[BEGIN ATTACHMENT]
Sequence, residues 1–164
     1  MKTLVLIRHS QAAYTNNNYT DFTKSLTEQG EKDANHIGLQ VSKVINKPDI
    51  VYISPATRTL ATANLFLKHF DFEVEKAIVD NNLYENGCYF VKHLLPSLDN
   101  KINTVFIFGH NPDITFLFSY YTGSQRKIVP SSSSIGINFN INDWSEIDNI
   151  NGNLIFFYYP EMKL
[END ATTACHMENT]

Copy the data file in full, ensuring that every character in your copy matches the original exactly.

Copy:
Sequence, residues 1–164
     1  MKTLVLIRHS QAAYTNNNYT DFTKSLTEQG EKDANHIGLQ VSKVINKPDI
    51  VYISPATRTL ATANLFLKHF DFEVEKAIVD NNLYENGCYF VKHLLPSLDN
   101  KINTVFIFGH NPDITFLFSY YTGSQRKIVP SSSSIGINFN INDWSEIDNI
   151  NGNLIFFYYP EMKL